By Joseph Braude
Human rights groups and the State Department assert that more than 1000 Iranian demonstrators have been rounded up and detained over the past week. As of this writing, yesterday’s death toll of 21 has not been revised by the Iranian government.
The U.N. Security Council has scheduled an emergency meeting concerning Iran for Friday. The session arises from a U.S. Government request “to show support for Iran’s anti-government protesters,” according to Time Magazine. An Iranian diplomat at the UN, for his part, charged that the U.S. Government lies behind the protests, while Iran’s chief prosecutor, Mohammad Jafar Montazeri, has echoed other officials’ claims that the U.S., Israel, and Saudi Arabia hatched the protests together. He singled out Michael D’Andrea, a C.I.A. officer who runs Iran operations, as the alleged mastermind of the protests, and claimed that D’Andrea intends to escalate to an “armed” revolt by mid-February in time for the 40th anniversary of the Islamic revolution.
In the global energy market, oil futures finished higher Thursday, with analysts citing ongoing protests in Iran for prices reaching levels not seen since December 2014.
The encrypted social media messaging app Telegram, used widely by protestors as a tool of mobilization, remains intermittently blocked throughout the country. Forty million Iranians — roughly half the population — are estimated to use the app. Instagram and Signal have also been blocked. An article in Wired sites specialists as rating Iran’s government as among the most effective in surveilling and suppressing social media use.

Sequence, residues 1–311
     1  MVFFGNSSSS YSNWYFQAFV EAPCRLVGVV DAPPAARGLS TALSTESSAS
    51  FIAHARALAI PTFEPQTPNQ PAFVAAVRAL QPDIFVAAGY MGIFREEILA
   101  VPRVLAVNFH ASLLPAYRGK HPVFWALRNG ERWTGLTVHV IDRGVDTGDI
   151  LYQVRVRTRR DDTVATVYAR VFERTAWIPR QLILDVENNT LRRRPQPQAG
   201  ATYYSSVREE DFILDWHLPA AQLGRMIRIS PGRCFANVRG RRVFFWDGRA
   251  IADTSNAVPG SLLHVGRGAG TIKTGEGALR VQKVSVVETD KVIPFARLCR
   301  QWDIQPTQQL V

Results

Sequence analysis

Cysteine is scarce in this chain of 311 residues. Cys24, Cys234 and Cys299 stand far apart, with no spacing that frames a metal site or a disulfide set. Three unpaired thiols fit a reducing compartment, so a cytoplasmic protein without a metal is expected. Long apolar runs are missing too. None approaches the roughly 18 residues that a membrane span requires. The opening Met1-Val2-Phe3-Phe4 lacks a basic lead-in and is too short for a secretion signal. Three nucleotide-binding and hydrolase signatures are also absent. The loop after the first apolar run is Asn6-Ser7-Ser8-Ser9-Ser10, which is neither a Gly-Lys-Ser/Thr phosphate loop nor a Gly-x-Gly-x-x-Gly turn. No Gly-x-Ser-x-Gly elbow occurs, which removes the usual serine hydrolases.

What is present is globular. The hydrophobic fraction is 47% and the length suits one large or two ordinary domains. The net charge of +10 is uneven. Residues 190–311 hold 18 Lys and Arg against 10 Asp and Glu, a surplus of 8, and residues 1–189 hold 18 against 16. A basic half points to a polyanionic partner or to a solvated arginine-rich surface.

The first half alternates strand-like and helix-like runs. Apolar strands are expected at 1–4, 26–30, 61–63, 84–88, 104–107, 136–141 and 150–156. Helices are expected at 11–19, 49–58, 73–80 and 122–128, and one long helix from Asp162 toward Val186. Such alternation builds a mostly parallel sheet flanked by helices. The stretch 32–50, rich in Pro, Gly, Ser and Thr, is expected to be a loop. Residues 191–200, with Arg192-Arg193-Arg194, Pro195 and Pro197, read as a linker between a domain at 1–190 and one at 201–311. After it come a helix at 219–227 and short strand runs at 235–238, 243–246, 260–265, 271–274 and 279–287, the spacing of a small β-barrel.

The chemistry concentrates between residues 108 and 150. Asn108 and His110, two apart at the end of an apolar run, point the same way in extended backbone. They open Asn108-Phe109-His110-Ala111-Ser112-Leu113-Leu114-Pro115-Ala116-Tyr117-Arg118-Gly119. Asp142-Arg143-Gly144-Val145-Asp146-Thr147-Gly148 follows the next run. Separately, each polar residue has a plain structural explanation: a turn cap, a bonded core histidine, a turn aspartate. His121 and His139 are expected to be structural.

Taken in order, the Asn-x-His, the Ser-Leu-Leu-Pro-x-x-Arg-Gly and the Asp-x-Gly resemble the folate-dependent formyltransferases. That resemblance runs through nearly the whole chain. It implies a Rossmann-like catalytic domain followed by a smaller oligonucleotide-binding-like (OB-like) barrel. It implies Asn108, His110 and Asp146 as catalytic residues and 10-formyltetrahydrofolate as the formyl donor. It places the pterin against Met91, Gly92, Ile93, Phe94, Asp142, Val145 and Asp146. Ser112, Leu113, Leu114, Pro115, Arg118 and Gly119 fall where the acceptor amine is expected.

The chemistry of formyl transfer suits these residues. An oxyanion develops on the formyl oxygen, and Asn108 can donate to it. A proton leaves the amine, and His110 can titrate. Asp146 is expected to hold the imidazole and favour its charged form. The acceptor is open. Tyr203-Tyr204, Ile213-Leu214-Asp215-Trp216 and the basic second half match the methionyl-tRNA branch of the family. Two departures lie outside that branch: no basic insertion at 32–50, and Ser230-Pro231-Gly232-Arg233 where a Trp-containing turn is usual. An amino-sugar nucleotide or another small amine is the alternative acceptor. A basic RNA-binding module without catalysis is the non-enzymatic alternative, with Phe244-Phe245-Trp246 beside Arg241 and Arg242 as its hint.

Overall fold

The U.S. Government continues to signal its support for Iranian protestors, and has begun to take proactive policy measures. At a press gaggle, U.S. Defense Secretary James Mattis said, “We, the American people, do not have an issue with the Iranian people. We’ve got a big issue with the Iranian authoritarian regime & it appears there’s an awful lot of Iranian people who have an issue with it as well.” Meanwhile, the U.S. Treasury Department’s Office of Foreign Assets Control has imposed sanctions on five businesses controlled by the Shahid Bakeri Industrial Group, an Iranian defense establishment company already under U.S. Sanctions. The Washington Post reports that the Trump White House is weighing whether to impose further sanctions related to human rights abuses. The President must also reach a decision by January 15 as to whether to recertify Iran’s compliant with the Iranian nuclear accord. American policy voices sympathetic to Iranian protests are divided as to the most advisable choice in this regard. On Thursday afternoon, Washington Institute for Near East Policy Executive Director Robert Satloff tweeted, “I am no fan of nuclear deal but I think it would be an error for USG to divert attention from ’s brave “people’s power” protests. Better to decertify-&-waive again, using moment to impose new penalties on human rights abusers (w/allies, if possible).”